As a practicing family law attorney in Maryland, I am often asked if Jack and Jill who have been living together for ten years now in the State of Maryland, but have never had a lawful marriage ceremony, are legally married under the doctrine of common law marriage? The answer is no, Maryland does not recognize common law marriages. Therefore, if Jack wanted to end his relationship with Jill, no legal action would be required on his part. Also, if Jill wanted to inherit from Jack, or participate in his health benefits, this may pose a problem as they are not married under the laws of the State of Maryland.
A common law marriage, by definition, is a marriage formed between two individuals who have lived together for a specified amount of time, rather than participating in a lawful ceremony. However, the parties must be of the legal age to be married, must mutually intend to take on the status of husband and wife, and must not only live together, but represent to the community that they are husband and wife.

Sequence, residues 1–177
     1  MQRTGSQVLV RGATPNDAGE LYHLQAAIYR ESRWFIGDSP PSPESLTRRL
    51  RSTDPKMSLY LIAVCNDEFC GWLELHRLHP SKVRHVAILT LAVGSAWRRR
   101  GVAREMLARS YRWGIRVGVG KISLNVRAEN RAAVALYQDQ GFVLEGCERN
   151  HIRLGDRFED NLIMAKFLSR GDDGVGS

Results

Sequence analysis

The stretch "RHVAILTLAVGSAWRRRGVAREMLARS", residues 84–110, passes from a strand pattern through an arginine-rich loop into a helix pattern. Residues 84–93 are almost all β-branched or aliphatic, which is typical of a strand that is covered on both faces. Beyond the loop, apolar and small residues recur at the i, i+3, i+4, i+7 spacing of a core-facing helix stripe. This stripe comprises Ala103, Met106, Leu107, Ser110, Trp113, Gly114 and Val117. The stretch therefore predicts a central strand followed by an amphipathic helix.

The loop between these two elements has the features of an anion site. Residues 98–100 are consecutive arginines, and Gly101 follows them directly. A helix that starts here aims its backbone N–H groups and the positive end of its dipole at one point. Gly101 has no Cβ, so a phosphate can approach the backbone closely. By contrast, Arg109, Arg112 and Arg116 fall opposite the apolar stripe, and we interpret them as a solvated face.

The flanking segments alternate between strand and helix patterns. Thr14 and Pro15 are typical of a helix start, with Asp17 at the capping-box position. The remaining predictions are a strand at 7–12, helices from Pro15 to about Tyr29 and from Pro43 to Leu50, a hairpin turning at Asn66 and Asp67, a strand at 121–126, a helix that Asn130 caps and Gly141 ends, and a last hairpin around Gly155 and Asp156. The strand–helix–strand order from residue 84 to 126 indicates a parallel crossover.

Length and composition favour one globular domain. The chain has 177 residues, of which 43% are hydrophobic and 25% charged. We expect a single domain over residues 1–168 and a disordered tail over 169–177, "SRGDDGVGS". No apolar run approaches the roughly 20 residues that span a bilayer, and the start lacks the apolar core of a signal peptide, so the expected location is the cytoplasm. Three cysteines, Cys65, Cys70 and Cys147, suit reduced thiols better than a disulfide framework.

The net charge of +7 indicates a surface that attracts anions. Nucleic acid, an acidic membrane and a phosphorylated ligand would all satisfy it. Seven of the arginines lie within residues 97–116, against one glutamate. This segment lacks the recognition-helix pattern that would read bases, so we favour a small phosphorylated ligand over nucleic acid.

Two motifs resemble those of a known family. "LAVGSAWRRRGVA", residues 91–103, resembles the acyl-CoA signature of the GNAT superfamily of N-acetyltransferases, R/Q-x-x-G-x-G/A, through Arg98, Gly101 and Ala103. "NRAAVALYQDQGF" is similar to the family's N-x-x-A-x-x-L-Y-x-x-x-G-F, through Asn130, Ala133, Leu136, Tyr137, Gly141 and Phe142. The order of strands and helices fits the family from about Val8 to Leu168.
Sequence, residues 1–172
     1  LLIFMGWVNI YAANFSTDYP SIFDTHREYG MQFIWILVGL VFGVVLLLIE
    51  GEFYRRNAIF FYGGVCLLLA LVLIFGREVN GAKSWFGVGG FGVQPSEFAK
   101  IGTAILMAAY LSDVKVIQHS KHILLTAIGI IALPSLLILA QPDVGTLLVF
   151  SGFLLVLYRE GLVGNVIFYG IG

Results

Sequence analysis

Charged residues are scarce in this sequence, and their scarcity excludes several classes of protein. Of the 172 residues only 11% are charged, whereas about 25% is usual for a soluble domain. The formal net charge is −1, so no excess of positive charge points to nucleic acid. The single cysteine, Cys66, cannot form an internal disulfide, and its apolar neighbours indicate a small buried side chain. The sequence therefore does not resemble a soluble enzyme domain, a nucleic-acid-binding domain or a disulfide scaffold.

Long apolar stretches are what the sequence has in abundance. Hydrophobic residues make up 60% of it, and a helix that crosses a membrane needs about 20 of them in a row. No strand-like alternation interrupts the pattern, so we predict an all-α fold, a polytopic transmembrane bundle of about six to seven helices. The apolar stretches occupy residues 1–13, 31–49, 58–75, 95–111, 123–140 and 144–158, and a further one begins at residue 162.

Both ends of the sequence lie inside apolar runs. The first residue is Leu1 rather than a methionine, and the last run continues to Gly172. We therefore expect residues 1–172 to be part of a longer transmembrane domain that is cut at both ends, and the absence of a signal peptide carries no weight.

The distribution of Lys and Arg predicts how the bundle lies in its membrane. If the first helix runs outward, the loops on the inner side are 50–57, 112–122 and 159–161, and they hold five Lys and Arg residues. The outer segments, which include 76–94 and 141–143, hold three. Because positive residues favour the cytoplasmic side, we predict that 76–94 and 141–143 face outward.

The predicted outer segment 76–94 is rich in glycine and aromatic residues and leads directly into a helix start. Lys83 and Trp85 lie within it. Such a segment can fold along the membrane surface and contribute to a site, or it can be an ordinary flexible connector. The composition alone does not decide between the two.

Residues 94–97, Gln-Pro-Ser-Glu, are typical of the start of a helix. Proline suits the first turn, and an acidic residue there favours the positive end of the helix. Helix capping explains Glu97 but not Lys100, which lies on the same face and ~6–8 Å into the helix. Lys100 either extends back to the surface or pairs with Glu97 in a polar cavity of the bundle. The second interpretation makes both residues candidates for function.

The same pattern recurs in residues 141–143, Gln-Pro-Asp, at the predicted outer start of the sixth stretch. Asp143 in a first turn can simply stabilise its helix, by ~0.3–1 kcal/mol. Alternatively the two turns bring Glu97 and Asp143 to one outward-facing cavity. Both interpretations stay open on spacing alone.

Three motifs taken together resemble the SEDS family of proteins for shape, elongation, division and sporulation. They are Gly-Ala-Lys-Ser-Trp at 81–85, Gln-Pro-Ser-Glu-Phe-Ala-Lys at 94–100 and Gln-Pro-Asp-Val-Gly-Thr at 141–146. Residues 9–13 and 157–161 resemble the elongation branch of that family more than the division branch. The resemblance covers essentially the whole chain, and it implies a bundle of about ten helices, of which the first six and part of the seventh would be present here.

Although Maryland does not recognize common law marriage, it will accept as a legal marriage a common law marriage validly entered into in another state. These marriages will be treated just like any other valid marriage in the Maryland court system, requiring a filing for divorce when one party wants to terminate the relationship.